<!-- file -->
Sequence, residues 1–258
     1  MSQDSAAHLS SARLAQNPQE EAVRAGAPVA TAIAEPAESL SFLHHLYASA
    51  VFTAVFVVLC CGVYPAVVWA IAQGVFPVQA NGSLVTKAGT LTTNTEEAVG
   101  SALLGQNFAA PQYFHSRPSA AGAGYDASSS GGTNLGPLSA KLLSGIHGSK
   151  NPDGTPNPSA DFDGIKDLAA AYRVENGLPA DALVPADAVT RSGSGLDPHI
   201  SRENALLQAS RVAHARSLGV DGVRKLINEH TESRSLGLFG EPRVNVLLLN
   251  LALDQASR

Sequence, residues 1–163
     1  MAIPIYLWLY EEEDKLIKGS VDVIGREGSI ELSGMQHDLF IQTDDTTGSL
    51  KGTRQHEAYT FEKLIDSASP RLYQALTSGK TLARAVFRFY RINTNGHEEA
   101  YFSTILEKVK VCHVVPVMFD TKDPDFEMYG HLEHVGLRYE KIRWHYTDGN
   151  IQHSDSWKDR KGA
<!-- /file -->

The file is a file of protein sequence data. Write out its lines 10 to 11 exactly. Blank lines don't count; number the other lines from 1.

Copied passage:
    51  KGTRQHEAYT FEKLIDSASP RLYQALTSGK TLARAVFRFY RINTNGHEEA
   101  YFSTILEKVK VCHVVPVMFD TKDPDFEMYG HLEHVGLRYE KIRWHYTDGN